WHAT WOULD YOU DO TO HELP MORE YOUNG PEOPLE IN THE REGIONS GET JOBS?

AMY ADAMS

We’ve got to make sure New Zealand is an attractive place for people to start a business, employ people and get ahead under their own steam. Regional NZ should also be connected to the rest of the world, so ultra-fast broadband and good cell phone coverage is critical.

JUDITH COLLINS

I grew up in Waikato, and I know a lot of the people who stayed in that area did so to work in farming, or learn a trade, or were trained elsewhere and came back later in life. So you’ve got to have an environment where every job is valued. I think the Labour Party has gone down the track of thinking anyone who doesn’t have a tertiary education isn’t worth much. We should value every job.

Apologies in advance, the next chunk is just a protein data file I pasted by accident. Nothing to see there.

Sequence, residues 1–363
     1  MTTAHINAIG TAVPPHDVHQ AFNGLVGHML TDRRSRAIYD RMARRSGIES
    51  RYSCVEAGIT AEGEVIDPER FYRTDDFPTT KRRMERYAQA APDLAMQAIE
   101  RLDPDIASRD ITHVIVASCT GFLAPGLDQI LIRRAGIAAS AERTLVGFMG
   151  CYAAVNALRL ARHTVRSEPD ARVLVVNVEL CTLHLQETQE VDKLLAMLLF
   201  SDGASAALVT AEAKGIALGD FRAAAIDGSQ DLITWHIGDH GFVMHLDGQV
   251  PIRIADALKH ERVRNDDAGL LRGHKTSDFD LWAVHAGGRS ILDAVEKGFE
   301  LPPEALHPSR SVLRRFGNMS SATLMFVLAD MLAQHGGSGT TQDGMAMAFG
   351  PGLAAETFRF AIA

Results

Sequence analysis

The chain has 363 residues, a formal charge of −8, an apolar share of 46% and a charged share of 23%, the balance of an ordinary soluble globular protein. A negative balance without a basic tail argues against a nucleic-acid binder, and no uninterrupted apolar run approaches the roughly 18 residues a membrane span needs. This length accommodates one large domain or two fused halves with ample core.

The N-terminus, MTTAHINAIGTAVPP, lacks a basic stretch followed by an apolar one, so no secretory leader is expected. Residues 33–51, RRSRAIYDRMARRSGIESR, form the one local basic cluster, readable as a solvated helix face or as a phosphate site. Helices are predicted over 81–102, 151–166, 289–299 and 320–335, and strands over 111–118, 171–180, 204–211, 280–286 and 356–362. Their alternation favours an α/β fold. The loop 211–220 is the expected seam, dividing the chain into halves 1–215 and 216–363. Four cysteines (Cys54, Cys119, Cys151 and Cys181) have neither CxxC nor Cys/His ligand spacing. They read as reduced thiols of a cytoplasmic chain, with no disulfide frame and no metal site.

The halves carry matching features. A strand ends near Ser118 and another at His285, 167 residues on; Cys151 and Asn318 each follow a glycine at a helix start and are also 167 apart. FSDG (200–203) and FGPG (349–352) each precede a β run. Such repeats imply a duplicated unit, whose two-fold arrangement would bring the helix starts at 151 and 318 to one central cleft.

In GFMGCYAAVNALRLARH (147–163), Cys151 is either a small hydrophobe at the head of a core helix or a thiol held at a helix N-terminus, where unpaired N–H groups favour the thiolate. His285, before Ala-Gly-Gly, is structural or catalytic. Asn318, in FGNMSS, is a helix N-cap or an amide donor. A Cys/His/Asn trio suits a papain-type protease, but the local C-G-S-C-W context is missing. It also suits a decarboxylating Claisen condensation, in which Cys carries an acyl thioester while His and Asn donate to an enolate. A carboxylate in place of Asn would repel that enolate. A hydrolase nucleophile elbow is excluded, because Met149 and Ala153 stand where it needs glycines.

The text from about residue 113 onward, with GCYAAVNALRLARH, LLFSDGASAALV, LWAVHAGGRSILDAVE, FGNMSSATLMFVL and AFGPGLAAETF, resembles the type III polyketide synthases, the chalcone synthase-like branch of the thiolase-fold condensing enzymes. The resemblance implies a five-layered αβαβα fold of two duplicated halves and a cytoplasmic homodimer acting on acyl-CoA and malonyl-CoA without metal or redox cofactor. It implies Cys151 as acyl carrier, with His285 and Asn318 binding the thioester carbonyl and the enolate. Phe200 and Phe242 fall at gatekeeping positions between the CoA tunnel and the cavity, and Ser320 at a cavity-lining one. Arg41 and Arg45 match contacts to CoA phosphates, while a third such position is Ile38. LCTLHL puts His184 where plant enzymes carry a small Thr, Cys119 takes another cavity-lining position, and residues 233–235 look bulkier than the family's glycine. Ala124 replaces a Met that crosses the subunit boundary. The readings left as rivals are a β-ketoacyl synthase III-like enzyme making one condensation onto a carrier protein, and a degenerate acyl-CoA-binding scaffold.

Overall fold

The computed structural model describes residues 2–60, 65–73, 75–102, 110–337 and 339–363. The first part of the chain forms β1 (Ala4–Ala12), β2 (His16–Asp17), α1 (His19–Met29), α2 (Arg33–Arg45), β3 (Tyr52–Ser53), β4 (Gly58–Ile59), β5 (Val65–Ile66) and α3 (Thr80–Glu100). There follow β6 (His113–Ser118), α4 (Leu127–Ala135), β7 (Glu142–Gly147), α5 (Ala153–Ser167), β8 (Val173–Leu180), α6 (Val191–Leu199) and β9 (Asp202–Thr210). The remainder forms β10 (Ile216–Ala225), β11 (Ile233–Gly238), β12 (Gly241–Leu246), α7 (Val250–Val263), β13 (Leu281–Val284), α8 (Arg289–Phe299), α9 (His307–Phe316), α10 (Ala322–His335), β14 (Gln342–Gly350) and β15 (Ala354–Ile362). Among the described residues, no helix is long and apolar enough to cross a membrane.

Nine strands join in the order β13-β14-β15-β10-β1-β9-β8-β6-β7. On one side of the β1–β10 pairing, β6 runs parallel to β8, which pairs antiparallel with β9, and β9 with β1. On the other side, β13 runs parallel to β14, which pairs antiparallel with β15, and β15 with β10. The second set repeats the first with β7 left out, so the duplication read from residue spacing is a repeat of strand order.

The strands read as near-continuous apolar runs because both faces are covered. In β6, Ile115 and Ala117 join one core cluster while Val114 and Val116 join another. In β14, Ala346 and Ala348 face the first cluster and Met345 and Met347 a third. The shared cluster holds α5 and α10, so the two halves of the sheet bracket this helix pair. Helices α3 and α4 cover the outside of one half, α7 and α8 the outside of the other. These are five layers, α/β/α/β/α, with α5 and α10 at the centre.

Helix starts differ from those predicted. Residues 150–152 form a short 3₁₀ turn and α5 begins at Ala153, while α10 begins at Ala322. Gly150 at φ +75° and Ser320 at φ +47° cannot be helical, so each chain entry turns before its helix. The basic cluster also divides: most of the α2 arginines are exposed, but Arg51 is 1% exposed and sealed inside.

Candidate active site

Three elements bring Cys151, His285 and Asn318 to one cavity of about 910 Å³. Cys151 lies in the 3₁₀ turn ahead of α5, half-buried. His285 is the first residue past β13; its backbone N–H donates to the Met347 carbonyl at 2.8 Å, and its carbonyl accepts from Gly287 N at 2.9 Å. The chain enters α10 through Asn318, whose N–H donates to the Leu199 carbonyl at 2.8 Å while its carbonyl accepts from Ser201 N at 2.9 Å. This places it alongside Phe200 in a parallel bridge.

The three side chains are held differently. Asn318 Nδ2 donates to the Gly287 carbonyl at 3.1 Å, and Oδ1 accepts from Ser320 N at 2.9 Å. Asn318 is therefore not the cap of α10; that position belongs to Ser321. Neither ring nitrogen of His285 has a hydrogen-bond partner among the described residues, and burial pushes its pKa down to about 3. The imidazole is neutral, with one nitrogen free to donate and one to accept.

SIMON BRIDGES

I think it’s very difficult to reach people - often young people or Māori or Pasifika - who are, for many complex reasons, failing to get a job. I think we need to better matchup those people with jobs, because there are a lot of jobs out there. Some may need mental health support. Others may need support for coping with alcohol problems. We need to support them, get them into a job, but also, importantly, help them remain in those jobs.

Simon Bridges.
Simon Bridges.

Photo: RNZ/Rebekah Parsons-King

MARK MITCHELL

The simple answer is making sure our economy is strong and small businesses are provided with the confidence to invest. They’re the ones who work hard to create opportunities.

STEVEN JOYCE

A strong economy is important, as is encouraging investment. A lot of regional New Zealand relies on foreign investment, too. Providing the right infrastructure is vital, such as better roading and broadband. There are also young people in regions such as Northland and East Coast who need extra help to get jobs.

WHAT ARE YOUR THOUGHTS REGARDING THE DECRIMINALISATION OF MEDICINAL AND RECREATIONAL CANNABIS?

AMY ADAMS